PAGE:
Study in Beijing
As the world becomes ever more interconnected and studying internationally for higher education finds itself as an increasingly popular option, shorter study trips abroad for a year, a term or even a summer also appear to be on the rise as a choice for students who want to experience education away from their native country.
One destination that is seeing a rapid growth in international interest from students and academics alike, is China. The country itself, housing over one sixth of the world’s population, and its capital Beijing (which boasts a population just under a third of the UK’s at around 20 million people) is where I attended Renmin University of China’s International Summer School.
Anybody arriving in China who has never been before will be sure to undergo some form of culture shock one way or another. The incredible number of people and the grandiose city like Beijing can really provide a stimulating start to a study abroad adventure. Tackling language barriers and currency differences can, at first, prove to be a daunting prospect, but will soon change to be a customary part of everyday life and is not something that should deter people with doubts in mind. In fact, I was pleasantly surprised by the low cost of living (compared to western countries) and the accommodating nature of most Chinese people. With an easy to use and incredibly efficient public transport system, and an abundance of shops and supermarkets scattered throughout the city, adjusting for a long term stay in China is easy to do.
For the most part, university life in China draws large parallels to university life in the UK. Campus sports and societies are popular and take place around academic study time. Renmin itself boasted a strong community spirit in this regard and I even came across 'English Corner' in which native English speakers gathered nightly to help Chinese (and other international students) practise their English language skills. However, with similarities in mind, there are also easily noticeable differences. Classes tend to start much earlier, from 7.30am onwards, and last much longer. At around three hours, the classes take the form of a short lecture followed by a seminar like group session to discuss the topic at hand and any outside work completed for the class. The advantage of taking part in an international summer school was that I got the opportunity to discuss topics with a variety of people from a wide range of countries across the world. The differing perspectives and approaches to academic study gave me for interesting insights and an experience that I may not have got studying at home.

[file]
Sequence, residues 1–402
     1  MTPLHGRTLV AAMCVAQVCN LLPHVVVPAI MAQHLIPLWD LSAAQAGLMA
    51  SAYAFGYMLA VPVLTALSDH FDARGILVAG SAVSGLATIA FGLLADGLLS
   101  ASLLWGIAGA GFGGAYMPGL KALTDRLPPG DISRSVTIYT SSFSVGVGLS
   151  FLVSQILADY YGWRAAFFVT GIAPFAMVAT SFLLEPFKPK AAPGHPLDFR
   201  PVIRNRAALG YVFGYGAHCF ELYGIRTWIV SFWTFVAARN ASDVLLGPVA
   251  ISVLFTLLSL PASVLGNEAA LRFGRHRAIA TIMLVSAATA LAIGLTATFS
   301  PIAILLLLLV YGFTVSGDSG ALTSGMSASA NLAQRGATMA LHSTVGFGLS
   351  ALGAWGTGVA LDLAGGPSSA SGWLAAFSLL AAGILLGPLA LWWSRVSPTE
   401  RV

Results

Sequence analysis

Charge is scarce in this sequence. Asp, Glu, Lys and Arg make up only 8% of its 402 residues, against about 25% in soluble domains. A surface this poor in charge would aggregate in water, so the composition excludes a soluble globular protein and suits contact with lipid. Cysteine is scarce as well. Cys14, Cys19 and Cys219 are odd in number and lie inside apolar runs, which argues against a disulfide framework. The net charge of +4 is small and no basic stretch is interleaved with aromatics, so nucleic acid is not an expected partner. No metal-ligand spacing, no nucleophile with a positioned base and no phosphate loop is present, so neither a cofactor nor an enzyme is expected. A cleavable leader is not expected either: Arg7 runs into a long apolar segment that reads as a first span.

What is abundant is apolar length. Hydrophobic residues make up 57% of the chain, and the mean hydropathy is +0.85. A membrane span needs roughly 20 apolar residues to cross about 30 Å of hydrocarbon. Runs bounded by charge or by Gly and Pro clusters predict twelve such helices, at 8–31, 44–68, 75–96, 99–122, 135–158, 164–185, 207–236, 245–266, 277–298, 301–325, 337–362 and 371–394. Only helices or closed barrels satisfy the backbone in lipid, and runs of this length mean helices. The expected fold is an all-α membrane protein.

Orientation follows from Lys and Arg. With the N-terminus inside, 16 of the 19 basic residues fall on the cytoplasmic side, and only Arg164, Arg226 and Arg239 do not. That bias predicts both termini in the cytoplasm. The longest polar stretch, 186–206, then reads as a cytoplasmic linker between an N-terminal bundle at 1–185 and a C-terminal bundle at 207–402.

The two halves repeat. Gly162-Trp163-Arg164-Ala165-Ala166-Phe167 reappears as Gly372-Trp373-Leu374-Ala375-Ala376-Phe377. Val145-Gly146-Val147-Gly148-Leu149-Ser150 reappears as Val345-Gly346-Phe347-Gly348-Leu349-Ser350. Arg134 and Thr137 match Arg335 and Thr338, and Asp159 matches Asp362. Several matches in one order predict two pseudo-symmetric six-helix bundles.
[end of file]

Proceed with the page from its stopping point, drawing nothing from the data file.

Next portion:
In addition to time spent in the time spent outside of it immersing into Chinese culture can be just as enriching. It took no time at all to become adept at eating every meal with chopsticks and having the chance to try world famous authentic Chinese dishes such as Peking Duck really added to the overall appeal of China. It is no secret that China is home to some of the world's most interesting sights and experiences. Beijing itself has the Badaling section of the Great Wall which provided an unforgettable experience after climbing and marvelling at the views surrounding it. More relaxed tourist sights included the Summer Palace, which had a vast collection of beautiful gardens and lakes once belonging to a Qing dyansty Emperor, and the Forbidden City which once acted as an imperial palace. For me, like many others who had visited with, the most awe-inspiring place was Tiananmen Square and Mao Zedong's exceptionally large portrait hanging there. For the amazing locations and history alone, studying in Beijing or elsewhere in China can provide a venture like no other.
Attending an International Summer School is definitely an experience I'd recommend. It provides enough time to get an insight into study in a different country as well as giving chance to soak up surroundings. China, in my case, was excellent and has only expanded my interested in it even more. At times such acute changes in studying and living conditions might seem overwhelming but without doubt it is worth the reward. Studying in China may not be for everybody, but is certainly something everyone should think about.
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